Share on Facebook
The Swedish car manufacturer might still be saved, but from the aura of the Saab Hockey Stick, only the nostalgia remains.
In Chris Paine's documentary 'Who Killed the Electric Car?', General Motors is found to be among the culprits. Now it might be the time to start another sequel titled 'Who Killed Saab?'. If you ask Saab CEO Victor Muller, the answer will be very familiar. "In the end, the complete lack of cooperation from GM was a big problem," Mr. Muller told reporters this week, after announcing Saab had filed for bankruptcy. At Trollhattan, Saab's hometown on the Swedish west coast, the weather was mild this week, just bordering on freezing.
But four days before Christmas, the mood has been gloomy. "It's hard to sum up [the mood]," said Anna-Karin Nils Gustafsson, a correspondent for the local website ttela.se. "People are kind of annoyed, disappointed and in waiting for what will happen next." In Saab's history there was always dissonance between the marque's fame, its huge fan base, and its relatively modest production figures. Its success in the North American market during the 1960s and '70s was remarkable and that might have been one of GM's motives when deciding to buy it in 1990, saving it then from going under.
Now many Saab fans are rushing to GM's Facebook page to utter their frustrations and grievances at what they see as GM's responsibility for Saab's fate - imminent closure and liquidation. "GM is Dead", claims Jonas Hesselgren; "Never ever drive GM, Lets go after their vital organs, their wallets," suggests Lennart Wallander; "Funny how GM needed one of the biggest bailouts in US company history from the Gvmnt 'to save jobs' (save bonuses) but won't even let another car manuf. survive in fear of the Chinese," writes Johan Ryman. Saab's claim to fame was established 50 years ago with its most iconic model, the 96 and its unique 3-cylinder engine.
It was designed by Sixten Sason, who also styled all Saab cars up to and including the 99. The 96's exterior design was dramatically different from its predecessor and it was an evolution that started with the 92, which was much bulkier than the elegant, streamlined 96. By retaining the unique shape and evolution with more modern lines, this contributed to what in latter generations became known as "brand awareness." The icing on the cake, however, was the "Saab Hockey Stick" design theme; the curve at the base of the rear passenger window.
Just like the original Beetle with its bulbous shape and air cooled rear engine/rear-wheel drive configuration that helped to define the Volkswagen brand for many years, the front wedged shaped 96, with its rounded rear end and air-cooled front engine/front wheel drive, defined Saab's character for eternity. Unlike Volkswagen, Saab couldn't shake this image off and develop themselves into an automotive giant, like Volkswagen did. The 99 was another important milestone for Saab, as it was a totally new car, two doors more than its predecessor; it had a rectangular grille and squared headlights, as opposed to the rounded ones of the 96.
Throughout the years, Saab produced a few idiosyncratic cars like the Sonnet, which started off as a two-seater, two-door sports car with the air-cooled engine and front wheel drive, an oddity among sports cars. Only six first generation Sonnets were built made of an aluminum chassis and hand crafted glass reinforced plastics for body panels. The model, conceived in the mid-50s, lived on for four generations, changing shapes and engines. A few hundred units were produced, but it couldn't influence Saab's fortunes. So bankruptcy, not for the first time, was looming.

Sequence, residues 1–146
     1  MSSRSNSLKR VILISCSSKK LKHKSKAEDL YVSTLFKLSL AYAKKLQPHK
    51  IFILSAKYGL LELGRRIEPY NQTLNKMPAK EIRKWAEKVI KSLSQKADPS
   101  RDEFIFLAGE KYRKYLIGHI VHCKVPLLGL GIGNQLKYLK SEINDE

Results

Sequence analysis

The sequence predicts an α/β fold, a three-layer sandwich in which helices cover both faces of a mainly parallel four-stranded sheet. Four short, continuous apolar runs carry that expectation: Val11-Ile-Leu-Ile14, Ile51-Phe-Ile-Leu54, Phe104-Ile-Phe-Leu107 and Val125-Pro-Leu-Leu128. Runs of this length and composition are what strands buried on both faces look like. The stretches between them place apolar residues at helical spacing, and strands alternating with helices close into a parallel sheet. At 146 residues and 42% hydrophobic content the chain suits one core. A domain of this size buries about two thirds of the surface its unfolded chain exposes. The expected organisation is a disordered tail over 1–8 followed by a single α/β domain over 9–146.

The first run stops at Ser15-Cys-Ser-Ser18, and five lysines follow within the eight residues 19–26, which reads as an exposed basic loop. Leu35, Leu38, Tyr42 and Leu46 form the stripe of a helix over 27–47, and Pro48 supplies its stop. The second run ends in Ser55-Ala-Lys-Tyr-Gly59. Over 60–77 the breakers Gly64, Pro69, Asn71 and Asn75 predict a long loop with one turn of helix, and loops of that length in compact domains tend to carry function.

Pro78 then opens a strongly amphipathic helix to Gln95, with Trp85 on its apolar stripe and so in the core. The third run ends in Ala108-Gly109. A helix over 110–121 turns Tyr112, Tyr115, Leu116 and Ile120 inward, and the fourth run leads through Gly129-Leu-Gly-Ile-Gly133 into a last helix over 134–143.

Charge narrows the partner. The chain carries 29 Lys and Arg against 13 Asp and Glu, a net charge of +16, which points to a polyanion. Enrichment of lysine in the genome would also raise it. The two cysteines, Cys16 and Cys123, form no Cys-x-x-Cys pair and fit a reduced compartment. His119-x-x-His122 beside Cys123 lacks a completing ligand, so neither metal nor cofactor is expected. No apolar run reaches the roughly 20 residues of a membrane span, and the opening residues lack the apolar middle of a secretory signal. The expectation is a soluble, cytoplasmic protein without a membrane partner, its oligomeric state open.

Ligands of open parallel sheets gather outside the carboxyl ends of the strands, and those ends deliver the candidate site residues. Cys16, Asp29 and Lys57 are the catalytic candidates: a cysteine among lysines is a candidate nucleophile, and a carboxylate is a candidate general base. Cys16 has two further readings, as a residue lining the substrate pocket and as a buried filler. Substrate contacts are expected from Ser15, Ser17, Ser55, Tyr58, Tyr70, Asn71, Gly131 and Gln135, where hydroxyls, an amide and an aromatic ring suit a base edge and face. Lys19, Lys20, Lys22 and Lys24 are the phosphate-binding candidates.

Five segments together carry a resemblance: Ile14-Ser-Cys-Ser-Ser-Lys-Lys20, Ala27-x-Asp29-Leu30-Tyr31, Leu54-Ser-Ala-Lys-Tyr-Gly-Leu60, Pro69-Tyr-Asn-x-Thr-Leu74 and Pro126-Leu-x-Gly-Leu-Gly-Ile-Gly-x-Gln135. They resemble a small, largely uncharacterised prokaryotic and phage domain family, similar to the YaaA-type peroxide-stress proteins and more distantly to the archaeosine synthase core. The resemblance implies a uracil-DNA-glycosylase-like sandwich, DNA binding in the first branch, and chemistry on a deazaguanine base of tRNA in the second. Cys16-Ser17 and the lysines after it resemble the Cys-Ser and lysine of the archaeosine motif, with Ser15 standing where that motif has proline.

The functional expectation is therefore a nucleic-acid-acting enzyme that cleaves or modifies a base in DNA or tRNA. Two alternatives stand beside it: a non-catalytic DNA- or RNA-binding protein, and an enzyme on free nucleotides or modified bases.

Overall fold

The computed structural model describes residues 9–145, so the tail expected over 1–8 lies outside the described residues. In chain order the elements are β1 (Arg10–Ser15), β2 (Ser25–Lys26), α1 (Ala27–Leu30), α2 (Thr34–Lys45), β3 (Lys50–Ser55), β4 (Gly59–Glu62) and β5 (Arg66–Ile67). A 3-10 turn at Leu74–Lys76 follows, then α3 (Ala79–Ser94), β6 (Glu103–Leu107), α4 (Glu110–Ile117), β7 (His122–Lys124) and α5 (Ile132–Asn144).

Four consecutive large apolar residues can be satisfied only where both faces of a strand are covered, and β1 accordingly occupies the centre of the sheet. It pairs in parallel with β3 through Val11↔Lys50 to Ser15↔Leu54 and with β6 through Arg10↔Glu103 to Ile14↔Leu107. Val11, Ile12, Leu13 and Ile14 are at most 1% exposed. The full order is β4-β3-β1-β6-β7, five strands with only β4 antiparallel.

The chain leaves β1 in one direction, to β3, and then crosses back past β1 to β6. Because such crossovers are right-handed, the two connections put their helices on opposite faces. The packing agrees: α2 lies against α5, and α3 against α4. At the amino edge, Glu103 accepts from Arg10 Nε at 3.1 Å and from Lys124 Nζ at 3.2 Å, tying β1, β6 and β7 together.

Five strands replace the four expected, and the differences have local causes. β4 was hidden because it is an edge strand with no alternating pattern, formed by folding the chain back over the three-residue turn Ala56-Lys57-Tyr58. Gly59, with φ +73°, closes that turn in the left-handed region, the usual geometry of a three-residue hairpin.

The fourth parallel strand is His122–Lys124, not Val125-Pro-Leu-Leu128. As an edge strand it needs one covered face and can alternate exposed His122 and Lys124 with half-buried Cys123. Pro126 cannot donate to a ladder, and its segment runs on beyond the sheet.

"It [bankruptcy] was an option for the company for a while," says Ms. Gustafsson. "But on the other side it did look good for quite a long time. It's been up and down, up and down for a long time." But who is to blame for the current situation? Only a few days before Christmas, Saab employees are being fired and four Swedish ministers actually arrived with the aid of a few hundred million dollars to make the payroll. So the employees are receiving their paychecks from the Swedish government and not from Saab?
"A lot of people are blaming GM for this," says Ms. Gustafsson, "and a lot of people have been saying that GM didn't want to solve (this positively) for at least two years. But a lot of people also say that it was coming because Saab wasn't selling enough cars. So it's both." And because Saab simply wasn't selling enough cars, GM found the excuse to partner up with Subaru for the Saab-badged Impreza, the 9-2x, back in 2004. For brand loyalists, this was blasphemy and in ethical terms even immoral. Shortly afterwards, the economic crisis that brought GM down broke out. For Saab, it's been mostly downhill from there.
At the peak of the current crisis this past week, just after Saab's official bankruptcy announcement, Rachel Pang, the CEO of Youngman, the latest potential Chinese buyer, landed in Sweden for talks with the receivers. She still hopes to save Saab from a fatal end. Using the example of when Ford sold Volvo to Chinese automaker Geely, she believes it's possible to make a deal happen. Mr. Paine's sequel to 'Who Killed the Electric Car?' was recently released, called 'The Revenge of the Electric Car'. We might also witness the 'Revenge of Saab', if GM decides to release their grip.
So can Saab be saved after all and will eulogies be deferred? "This couldn't be the end of Saab," says Ms. Gustafsson. "There are still people who are interested in buying this company." The potential sequel, however, is still on hold.